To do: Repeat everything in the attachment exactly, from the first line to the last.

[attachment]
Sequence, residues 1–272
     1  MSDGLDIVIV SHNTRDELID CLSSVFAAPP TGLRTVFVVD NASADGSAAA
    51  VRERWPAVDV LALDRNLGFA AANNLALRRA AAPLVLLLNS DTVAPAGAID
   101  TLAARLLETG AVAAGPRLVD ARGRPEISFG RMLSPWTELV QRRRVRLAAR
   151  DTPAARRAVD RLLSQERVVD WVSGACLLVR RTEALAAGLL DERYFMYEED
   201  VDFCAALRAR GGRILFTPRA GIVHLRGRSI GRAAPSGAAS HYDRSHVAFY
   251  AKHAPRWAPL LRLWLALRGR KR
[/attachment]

Sequence, residues 1–272
     1  MSDGLDIVIV SHNTRDELID CLSSVFAAPP TGLRTVFVVD NASADGSAAA
    51  VRERWPAVDV LALDRNLGFA AANNLALRRA AAPLVLLLNS DTVAPAGAID
   101  TLAARLLETG AVAAGPRLVD ARGRPEISFG RMLSPWTELV QRRRVRLAAR
   151  DTPAARRAVD RLLSQERVVD WVSGACLLVR RTEALAAGLL DERYFMYEED
   201  VDFCAALRAR GGRILFTPRA GIVHLRGRSI GRAAPSGAAS HYDRSHVAFY
   251  AKHAPRWAPL LRLWLALRGR KR